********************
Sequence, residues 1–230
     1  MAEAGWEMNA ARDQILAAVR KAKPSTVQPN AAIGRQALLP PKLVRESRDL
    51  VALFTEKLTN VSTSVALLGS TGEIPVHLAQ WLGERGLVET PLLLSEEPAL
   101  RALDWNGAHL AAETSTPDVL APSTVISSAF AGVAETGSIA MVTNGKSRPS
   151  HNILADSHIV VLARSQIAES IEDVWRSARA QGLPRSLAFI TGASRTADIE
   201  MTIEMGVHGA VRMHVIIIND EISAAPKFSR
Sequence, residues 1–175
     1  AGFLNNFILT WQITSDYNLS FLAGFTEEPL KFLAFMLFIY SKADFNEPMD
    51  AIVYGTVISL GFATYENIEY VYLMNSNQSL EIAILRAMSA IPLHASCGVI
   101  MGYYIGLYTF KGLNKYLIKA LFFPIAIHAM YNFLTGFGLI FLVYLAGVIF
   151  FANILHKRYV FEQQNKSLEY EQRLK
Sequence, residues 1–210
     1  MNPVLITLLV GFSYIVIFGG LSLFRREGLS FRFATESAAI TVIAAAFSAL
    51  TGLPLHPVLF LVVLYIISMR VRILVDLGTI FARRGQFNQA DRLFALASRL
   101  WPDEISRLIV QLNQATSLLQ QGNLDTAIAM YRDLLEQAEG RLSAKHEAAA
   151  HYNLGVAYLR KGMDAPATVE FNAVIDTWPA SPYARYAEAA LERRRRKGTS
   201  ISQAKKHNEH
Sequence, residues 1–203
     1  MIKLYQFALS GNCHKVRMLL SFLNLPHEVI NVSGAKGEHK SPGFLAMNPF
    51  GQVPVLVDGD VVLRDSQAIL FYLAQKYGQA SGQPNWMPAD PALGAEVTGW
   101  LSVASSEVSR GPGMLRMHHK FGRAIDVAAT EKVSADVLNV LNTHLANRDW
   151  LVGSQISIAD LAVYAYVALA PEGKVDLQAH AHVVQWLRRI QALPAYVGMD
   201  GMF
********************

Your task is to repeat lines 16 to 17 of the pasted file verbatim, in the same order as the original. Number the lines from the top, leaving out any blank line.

   151  HYNLGVAYLR KGMDAPATVE FNAVIDTWPA SPYARYAEAA LERRRRKGTS
   201  ISQAKKHNEH